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APREC (Asia Pacific Rim Electricity Cooperation)


1. Expanding Electricity Trade

 It is surprising for us living in the Islands of Japan to discover that electricity trade is expanding worldwide. Last year, our study mission on Asian energy visited countries where rapid economic growth exploded the demand for electricity beyond existing capacity. These countries were seeking Independent Power Producers or Electricity imports. This year's second mission visited countries with hydropower potential. We also witnessed clearly the emergence of electricity trade.

 For example, Electricite du Laos says, "We focus on electricity as a major export item, because it is hard to cultivate other industries with international competitiveness." Laos Ministry of Industry and Handicrafts says, "Electric power production contributes both foreign currency accumulation and domestic social progress." And, Malaysia Ministry of Energy, Telecommunications and Posts says, "Malaysia and Singapore interchange electricity at peak time." These comments awakened us to the spreading electricity trade.
Although the present status of electricity trade is small, some governments signed a Memorandum of Understanding. Figure 1 illustrates the goals of the Memorandum to increase the electricity trade amount.In ASEAN, there is the Power Utility Forum. Within this forum, study groups plan the future ASEAN power system. Figure 2 shows interconnection of the ASEAN power system.

Figure 1 Memorandum of Understanding regarding Electricity Trade

Export

to:

Laos
Laos
Myanmar
Import

from:

Vietnam
Thailand
Thailand
2000
---
1500MW
1500MW
2006
---
3000MW
---
2010
2000MW
---
---

Source: Interviews

Figure 2 ASEAN Power System interconnection

Source: Tenaga Nasional Berhad

On the other side of the world, European Union is already engaged in the trade of electricity. Figure 3 illustrates recent electricity export and consumption trends. EU urges central and eastern European nations to participate in projects called Trans-European Networks (TENs). There even exists a broader idea of Africa-Europe Electrical Interconnection: the Mediterranean Power Pool.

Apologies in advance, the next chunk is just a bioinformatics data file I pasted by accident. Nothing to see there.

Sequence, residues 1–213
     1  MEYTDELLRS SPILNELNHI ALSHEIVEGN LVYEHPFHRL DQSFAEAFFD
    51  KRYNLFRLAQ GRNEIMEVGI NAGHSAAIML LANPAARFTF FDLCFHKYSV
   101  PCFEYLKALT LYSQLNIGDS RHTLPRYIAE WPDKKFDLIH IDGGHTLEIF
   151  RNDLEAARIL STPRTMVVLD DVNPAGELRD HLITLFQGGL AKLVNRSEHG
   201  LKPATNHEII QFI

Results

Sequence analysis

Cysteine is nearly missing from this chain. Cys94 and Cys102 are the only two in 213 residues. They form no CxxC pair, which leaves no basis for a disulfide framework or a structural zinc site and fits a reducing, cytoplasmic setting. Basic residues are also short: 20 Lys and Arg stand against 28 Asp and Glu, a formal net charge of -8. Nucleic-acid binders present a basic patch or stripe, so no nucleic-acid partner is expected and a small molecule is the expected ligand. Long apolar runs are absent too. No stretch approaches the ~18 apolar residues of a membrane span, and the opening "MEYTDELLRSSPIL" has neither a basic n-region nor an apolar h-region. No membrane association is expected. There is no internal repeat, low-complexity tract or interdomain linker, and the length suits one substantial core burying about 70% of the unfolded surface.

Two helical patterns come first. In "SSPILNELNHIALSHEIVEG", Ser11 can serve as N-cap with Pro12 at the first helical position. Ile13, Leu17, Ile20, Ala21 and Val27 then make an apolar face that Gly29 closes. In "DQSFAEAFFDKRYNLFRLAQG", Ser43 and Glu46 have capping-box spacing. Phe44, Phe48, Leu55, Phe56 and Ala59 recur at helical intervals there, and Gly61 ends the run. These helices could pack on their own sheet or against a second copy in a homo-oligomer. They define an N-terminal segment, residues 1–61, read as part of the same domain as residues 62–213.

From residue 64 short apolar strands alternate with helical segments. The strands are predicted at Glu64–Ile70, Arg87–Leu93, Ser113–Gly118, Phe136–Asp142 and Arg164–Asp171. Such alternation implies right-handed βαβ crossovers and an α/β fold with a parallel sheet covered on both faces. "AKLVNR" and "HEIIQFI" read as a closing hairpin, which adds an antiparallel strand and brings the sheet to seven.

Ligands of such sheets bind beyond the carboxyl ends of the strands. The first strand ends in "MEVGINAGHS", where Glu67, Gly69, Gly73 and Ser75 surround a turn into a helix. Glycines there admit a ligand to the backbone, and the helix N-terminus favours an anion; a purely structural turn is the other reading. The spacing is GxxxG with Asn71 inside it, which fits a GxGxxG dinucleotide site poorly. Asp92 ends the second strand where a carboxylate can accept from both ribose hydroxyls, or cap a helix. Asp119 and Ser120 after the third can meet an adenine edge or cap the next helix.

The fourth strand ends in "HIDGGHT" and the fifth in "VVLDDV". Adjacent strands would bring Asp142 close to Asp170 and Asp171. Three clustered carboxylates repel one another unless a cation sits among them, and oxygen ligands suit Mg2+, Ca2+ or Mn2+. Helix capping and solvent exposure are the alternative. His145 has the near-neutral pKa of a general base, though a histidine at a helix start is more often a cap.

Can we in Asia cooperate to establish cross-border electricity trade, to include not only ASEAN but also other countries, including Japan?


Figure 3 Electricity Trade in European Union
 

Nation
Export/

Production

Import/

Consumption

Nation
Export/

Production

Import/

Consumption

Germany
6.5%
7.4%
Spain
1.9%
4.5%
France
14.7
0.7
Sweden
6.4
5.3
United Kingdom
0.0
4.7
Netherlands
0.7
13.0
Italy
0.5
13.9
EU Total
6.3
6.9

Source: United Nations "Energy Statistics Yearbook"(1995)


2. Global Cooperation

The AC (Alternating Current) power transmission has a stability problem in long overhead transmission lines or under sea cables. Recent technical improvements in HVDC (High Voltage Direct Current) have tremendously extended the length of power transmission. It is technically feasible to keep power loss within 10 % for every 5,000km of transmission lines.

Power supply increase is indispensable for economic growth: industrialization and informatization. Ironically however, required huge capital investment may deteriorate economic growth.

Figure 4 and 5 show that load curve in Japan has the peak in the summer and midday. These tendency was observed in every country we visited. And the difference of demand between peak and off-peak is increasing with time.

Figure 4 Yearly Load Curve in Japan

(Peak in Months)

Source: Central load dispatching liaison office "Monthly summary report of generated and received power "



Figure 5 Daily Load Curve in Japan

(Peak Days)

Source: ibid.

The annual Load Factor (= annual average power load / system peak load) in Japan is only 55 %. It is not efficient for each county to prepare supply capability for the peak demand. If east and west countries with time difference or north and south hemisphere with season difference would share electricity, they would need lesser facilities to supply stable power. That is the reason to suggest this global vision: Asia Pacific Rim Electricity Cooperation (Figure 6).

Figure 6 Asia Pacific Rim Electricity Cooperation


3. Global Alliance

Recent progress towards privatization and deregulation of the power supply business enable the following vision feasible. That is public and private sector cooperation in development of an electricity network. Multi-national cooperation harmonizes energy balance by generating large power in appropriate locations for environmental protection, economy and energy security, and transmitting electricity in HVDC suitable for long distance. Renewal of obsolete transmission lines would decrease power loss and reduce frequent blackout. Moreover, "freedoms of location" and "scale merit" of power facilities will help to improve economic efficiency to be eligible for international finance.

It is not necessary to construct the whole system at once, but begin stepwise operation from the appropriate sector. To avoid local optimization, it is desirable to have a global vision in advance and make progress step by step.